4. 5 out of 5

    Pat

    It's rare that you can find a book that is as boring as it is sanctimonious. But they pulled it off! In a nutshell, millionaires aren't made by extraordinarily high incomes (those people's spending tends to increase as well), in fact they're typically people with merely very good incomes who are zealous about frugality and long term investments. Not a huge surprise actually, but its nice to have numbers to back up the story and they do. Many are small business owners, many don't spend much on car It's rare that you can find a book that is as boring as it is sanctimonious. But they pulled it off! In a nutshell, millionaires aren't made by extraordinarily high incomes (those people's spending tends to increase as well), in fact they're typically people with merely very good incomes who are zealous about frugality and long term investments. Not a huge surprise actually, but its nice to have numbers to back up the story and they do. Many are small business owners, many don't spend much on cars or suits and 80% are first-generation millionaires (not those who happened into big inheritances). And that's it. The rest of the book is filled with awkward, pedantic number-twisting to prove that people who spend less on houses and cars will have more left for retirement. What's maddening is the constant tone that people who choose to spend now instead of when they're 65 are "hyperconsumers". Can you believe this doctor, he makes $700,000 per year and spent a whopping $7000 of it on a vacation! What a dope! Wouldn't the $65,000 he spent on a Porsche have felt just as good in an IRA account? They constantly fawn over blue-collar superstars who drive around in F-150s while their wives clip coupons. They start with the assumption from the very beginning that money is pre-ordained to end up in a retirement account and anything you do to interfere with that is stupid and indicative of poor discipline. I can't wait for the next book about how Rock and Roll is too loud and women's skirts are too short.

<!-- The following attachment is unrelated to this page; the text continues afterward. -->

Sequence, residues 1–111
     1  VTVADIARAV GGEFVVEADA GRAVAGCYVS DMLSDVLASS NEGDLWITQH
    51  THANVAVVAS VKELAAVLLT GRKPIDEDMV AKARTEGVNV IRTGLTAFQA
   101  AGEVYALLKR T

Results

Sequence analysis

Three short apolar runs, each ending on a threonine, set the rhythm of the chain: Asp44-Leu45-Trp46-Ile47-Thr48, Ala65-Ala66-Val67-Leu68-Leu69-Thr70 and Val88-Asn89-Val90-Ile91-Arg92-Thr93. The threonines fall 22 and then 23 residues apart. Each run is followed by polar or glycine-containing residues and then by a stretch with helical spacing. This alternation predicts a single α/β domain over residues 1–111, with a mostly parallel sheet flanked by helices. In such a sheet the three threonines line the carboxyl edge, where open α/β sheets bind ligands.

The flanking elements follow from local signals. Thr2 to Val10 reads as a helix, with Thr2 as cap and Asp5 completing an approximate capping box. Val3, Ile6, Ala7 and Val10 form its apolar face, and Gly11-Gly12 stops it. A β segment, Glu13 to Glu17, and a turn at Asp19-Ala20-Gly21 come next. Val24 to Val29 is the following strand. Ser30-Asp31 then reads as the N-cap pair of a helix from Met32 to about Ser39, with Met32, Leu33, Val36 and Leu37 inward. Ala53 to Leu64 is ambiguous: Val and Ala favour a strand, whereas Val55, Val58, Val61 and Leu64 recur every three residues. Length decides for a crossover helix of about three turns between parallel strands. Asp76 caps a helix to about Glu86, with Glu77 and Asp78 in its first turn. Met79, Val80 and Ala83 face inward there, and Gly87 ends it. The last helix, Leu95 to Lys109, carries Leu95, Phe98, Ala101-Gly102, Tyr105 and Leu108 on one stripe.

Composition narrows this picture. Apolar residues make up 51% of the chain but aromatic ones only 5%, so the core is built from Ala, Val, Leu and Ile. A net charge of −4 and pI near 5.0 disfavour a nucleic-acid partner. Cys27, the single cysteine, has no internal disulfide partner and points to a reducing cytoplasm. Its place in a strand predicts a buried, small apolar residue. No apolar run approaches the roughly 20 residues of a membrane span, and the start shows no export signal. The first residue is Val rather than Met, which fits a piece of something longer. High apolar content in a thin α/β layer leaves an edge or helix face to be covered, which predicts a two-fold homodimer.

5. 5 out of 5

    Chad Warner